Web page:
JANL Program Highlights ‘Echoes of Nikkei Dispersal’

November 9, 2016 • National, News

Author Diana Morita Cole’s program “Echoes of Nikkei Dispersal” offered attendees the opportunity to learn lessons pertaining to global ethnic and cultural diversity. Photo: Christen Sasaki

By Rita Takahashi

Author Diana Morita Cole addressed experiences of Japanese Americans, Japanese Canadians and Japanese Latin Americans during an evening program titled “Echoes of Nikkei Dispersal” in San Francisco’s Japantown on Oct. 26.

The hour-and-a-half-long program, held in Union Bank’s Hospitality Room, was organized, sponsored and made available by the Japanese American National Library. Additional support was provided by professors from San Francisco State University.

In her program, Cole brought many elements together, including international, global and domestic agendas. Audience members also learned many lessons pertaining to global ethnic and cultural diversity.

Specifically, Cole revealed her own life journey, beginning from her birth in Minidoka, a U.S. concentration camp located in Southern Idaho during World War II. She identified the struggles and challenges one faces with dual (and multi) cultures.

In addition, the author read portions from her 2015 book “Sideways: Memoir of a Misfit,” which revealed aspects of her life experiences from the perceptual lens of her childhood.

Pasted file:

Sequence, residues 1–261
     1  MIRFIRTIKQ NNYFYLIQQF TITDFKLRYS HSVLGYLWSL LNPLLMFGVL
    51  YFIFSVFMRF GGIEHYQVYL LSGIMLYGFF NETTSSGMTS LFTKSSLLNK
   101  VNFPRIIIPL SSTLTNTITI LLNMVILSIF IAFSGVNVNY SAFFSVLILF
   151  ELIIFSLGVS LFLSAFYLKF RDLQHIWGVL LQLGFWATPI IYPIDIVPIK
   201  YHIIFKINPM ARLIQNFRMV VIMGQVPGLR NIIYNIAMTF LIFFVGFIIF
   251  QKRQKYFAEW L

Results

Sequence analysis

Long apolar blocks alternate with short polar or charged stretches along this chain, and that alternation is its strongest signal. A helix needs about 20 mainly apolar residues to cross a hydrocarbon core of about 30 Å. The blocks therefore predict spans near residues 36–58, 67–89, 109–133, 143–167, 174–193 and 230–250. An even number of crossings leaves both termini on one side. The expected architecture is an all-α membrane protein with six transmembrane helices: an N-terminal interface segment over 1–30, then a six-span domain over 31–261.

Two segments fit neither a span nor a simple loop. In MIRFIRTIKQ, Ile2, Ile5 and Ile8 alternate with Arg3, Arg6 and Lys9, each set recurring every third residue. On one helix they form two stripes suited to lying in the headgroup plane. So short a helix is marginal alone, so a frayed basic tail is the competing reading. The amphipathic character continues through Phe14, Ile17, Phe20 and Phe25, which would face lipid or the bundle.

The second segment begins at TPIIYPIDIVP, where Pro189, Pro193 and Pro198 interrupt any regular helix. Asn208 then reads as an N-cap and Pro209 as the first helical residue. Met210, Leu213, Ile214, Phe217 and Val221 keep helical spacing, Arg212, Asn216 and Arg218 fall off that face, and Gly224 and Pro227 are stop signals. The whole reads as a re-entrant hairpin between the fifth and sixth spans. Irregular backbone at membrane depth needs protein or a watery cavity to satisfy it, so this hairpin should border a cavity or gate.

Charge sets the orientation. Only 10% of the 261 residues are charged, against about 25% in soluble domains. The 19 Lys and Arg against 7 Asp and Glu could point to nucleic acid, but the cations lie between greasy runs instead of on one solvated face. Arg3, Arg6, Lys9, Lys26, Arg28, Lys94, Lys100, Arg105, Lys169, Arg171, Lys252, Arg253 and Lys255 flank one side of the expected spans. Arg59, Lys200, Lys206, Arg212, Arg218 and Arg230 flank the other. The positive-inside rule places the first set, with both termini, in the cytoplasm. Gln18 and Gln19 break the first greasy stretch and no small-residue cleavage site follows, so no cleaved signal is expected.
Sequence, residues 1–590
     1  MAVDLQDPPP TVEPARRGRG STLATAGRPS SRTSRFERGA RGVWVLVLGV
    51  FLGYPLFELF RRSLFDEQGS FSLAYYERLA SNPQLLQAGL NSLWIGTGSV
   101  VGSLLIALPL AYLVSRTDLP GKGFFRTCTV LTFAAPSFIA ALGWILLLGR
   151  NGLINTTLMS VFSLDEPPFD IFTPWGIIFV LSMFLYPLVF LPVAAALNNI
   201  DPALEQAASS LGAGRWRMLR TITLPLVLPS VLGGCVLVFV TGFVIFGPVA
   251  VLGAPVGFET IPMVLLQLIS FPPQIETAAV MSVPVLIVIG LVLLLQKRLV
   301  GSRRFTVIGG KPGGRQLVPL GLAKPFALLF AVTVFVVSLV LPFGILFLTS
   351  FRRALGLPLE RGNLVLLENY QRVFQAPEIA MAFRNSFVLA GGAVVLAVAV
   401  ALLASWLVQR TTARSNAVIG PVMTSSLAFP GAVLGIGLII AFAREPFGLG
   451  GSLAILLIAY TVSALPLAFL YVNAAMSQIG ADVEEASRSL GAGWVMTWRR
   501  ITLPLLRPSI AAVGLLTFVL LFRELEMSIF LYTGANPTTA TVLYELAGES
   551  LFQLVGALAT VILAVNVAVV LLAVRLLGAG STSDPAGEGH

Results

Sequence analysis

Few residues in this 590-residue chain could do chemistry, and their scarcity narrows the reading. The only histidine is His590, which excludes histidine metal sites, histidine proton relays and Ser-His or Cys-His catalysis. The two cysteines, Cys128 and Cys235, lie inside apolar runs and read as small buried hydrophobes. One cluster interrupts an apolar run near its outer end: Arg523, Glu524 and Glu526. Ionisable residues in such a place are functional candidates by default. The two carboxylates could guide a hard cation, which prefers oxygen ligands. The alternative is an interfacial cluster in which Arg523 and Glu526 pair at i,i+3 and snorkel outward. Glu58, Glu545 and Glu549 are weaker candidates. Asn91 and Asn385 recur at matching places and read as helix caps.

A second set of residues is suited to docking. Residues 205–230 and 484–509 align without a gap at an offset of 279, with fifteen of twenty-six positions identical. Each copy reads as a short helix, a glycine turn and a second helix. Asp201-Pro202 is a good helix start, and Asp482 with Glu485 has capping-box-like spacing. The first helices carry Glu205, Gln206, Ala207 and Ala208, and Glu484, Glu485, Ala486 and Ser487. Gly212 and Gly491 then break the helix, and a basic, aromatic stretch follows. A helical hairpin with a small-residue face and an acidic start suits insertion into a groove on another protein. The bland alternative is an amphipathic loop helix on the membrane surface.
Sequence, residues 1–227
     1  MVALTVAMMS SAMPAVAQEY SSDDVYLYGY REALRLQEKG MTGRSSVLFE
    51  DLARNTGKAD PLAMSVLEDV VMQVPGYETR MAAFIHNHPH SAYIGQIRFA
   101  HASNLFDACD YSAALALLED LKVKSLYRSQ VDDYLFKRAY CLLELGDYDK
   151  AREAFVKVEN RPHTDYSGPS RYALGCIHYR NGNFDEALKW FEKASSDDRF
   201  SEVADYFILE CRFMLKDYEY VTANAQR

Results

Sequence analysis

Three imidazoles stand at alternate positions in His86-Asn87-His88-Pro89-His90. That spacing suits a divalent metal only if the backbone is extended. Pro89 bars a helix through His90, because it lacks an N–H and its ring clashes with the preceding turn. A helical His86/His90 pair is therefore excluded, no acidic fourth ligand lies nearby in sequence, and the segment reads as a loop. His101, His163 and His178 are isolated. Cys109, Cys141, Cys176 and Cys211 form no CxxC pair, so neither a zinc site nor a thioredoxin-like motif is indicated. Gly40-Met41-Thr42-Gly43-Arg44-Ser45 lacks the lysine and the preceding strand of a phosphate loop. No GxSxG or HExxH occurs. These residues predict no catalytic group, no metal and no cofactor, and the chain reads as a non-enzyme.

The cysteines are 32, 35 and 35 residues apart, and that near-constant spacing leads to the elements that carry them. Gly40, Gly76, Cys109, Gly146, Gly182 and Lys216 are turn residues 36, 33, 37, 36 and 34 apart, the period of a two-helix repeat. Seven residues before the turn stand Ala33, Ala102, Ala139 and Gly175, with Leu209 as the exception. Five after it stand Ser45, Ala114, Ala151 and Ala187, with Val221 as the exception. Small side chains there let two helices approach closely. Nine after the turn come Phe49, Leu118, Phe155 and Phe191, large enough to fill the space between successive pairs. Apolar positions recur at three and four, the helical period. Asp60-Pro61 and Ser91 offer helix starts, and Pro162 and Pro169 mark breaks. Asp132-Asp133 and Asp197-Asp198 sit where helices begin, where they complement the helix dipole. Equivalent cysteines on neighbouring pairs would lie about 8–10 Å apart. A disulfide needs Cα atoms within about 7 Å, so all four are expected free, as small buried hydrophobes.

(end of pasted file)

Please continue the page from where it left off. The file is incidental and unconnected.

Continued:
During the discussion, Cole also connected the exclusion and concentration camp experiences (at Lemon Creek, Canada) of Canadian author Joy Kogawa, as well as read a poem by Kogawa.

The discussion conveyed what happened to Japanese Canadians, Japanese Americans and Japanese Latin Americans when governments passed policies targeting persons of Japanese ancestry and removed them from their homes, excluding them from communities/large areas and negating liberty, justice and freedom.

Cole also expressed the impacts such discriminatory policies had on such individuals. Japanese Canadians, for example, were excluded from returning to their original West Coastal residences until 1949, four years after the conflicts of World War II came to an end.

Following her presentation, Cole screened and discussed the short film “Hidden Internment,” which reveals the plight of kidnapped and incarcerated Japanese Latin Americans, including her brother-in-law, Art Shibayama.

Cole is a member of the Nelson Storytelling Guild and the Uphill Writing Group in Canada. She is also on the steering committee of the Kaslo Japanese Canadian Museum and a contributing member of “Nikkei Images.” She currently resides in Nelson, British Columbia, Canada.

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